Assessors underestimate Mactung’s wildlife impact

Assessors underestimate Mactung's wildlife impact Open letter to the Yukon Environmental and Socio-economic Assessment Board: The Mactung mine is planned in the Selwyn Mountains, at the end of the North Canol Road. You describe the area as displaying "th

Open letter to the Yukon Environmental and Socio-economic Assessment Board:

The Mactung mine is planned in the Selwyn Mountains, at the end of the North Canol Road. You describe the area as displaying “the highest diversity of mammals in the Taiga Cordillera of the Yukon,” including several federally recognized species at risk.

The barrens that start a few kilometres from the proposed mine have been identified by the United Nations as a place of unique and outstanding natural heritage.

You admit that there are no baseline studies about wildlife. There is no indication about the seasonal distribution or density of any species.

There are concerns that the current harvest level of mountain caribou may be unsustainable.” The grizzly bear population in the vicinity of the project has a “mortality rate just under threshold of sustainability.”

Caribou and bear will be displaced respectively from their identified calving and post calving areas and denning areas. Caribou’s spring and fall migration will be restricted.

Opening of the North Canol for 12 months rather than three, as a direct consequence of the project, will result in additional hunting. It will also make exploration activities much easier and cheaper and generate more industrial development, further impacting nearby wildlife.

Despite all these findings, you dismiss the whole issue of cumulative effects in one sentence. You consider that all these damaging effects can be mitigated by “increased monitoring and development of adaptive management plans” that will be undertaken by North American Tungsten (NTC).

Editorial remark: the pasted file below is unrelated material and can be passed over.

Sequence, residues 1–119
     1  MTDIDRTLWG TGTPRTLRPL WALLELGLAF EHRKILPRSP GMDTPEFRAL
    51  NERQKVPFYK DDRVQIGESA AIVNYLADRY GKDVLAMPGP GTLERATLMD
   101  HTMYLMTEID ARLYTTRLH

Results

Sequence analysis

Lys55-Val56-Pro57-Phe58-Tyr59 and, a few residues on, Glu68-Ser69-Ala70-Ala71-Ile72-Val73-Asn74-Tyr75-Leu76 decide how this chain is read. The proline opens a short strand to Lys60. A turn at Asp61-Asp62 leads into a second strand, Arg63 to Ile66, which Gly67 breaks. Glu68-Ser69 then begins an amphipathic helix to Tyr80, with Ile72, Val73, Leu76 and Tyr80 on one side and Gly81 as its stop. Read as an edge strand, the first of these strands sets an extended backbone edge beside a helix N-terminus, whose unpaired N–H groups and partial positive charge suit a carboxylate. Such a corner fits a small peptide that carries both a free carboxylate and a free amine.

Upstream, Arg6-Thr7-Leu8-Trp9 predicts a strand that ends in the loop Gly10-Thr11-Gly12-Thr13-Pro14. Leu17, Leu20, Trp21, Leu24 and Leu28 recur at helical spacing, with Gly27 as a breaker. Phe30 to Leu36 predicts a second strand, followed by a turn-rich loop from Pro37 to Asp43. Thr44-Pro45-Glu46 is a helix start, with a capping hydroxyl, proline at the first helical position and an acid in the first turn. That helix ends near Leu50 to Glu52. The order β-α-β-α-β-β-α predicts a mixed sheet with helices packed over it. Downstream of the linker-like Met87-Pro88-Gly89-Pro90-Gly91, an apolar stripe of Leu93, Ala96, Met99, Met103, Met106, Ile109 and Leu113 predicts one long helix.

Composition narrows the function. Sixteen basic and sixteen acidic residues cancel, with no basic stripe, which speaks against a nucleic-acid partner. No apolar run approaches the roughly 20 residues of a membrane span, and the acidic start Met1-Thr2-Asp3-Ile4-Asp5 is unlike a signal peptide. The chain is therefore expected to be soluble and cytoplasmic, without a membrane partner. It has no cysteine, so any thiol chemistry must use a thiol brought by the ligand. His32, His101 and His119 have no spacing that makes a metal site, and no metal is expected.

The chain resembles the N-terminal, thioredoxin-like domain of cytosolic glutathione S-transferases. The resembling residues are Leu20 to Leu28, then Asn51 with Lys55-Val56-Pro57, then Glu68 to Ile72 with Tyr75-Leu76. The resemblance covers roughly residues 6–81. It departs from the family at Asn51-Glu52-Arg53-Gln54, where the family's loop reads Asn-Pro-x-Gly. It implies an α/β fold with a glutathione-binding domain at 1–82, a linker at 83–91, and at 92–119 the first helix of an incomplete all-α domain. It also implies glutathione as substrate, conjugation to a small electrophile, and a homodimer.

Do you seriously consider that a mining company, whose sole reason to be in this area is to generate profit, has the integrity and the capacity to conduct thorough wildlife studies? Not to mention that NTC has no regulatory power to implement any management plans on Crown land!

If YESAB wants to live up to its duties, it should have the courage to say that NTC has no means to mitigate the harmful effects of the Mactung mine.

YESAB encourages the Yukon government, in general terms, to address some of these issues but at the present time, there is no land planning on its way. There are no wildlife studies scheduled. No commitment was made to preventively reduce hunting and the effects of increased exploration and mining activities are not even acknowledged.

If the Yukon government wants high value areas like the Selwyn Mountains to be opened to industrial development, these are the steps that need to take place beforehand. If the government fails to do so, YESAB must recommend that this project be not allowed to proceed.

YESAB shockingly favors the financial interests of one private company, disregarding the public interest, especially the interest of the three most affected First Nations to preserve the integrity of this fragile and uniquely rich environment not only for subsistence reasons but also for its spiritual importance.